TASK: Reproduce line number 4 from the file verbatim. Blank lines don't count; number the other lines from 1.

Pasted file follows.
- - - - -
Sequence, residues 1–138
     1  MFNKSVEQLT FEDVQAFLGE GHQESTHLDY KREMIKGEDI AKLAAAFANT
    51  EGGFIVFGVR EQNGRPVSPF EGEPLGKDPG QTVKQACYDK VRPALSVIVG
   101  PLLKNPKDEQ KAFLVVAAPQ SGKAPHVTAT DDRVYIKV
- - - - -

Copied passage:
   101  PLLKNPKDEQ KAFLVVAAPQ SGKAPHVTAT DDRVYIKV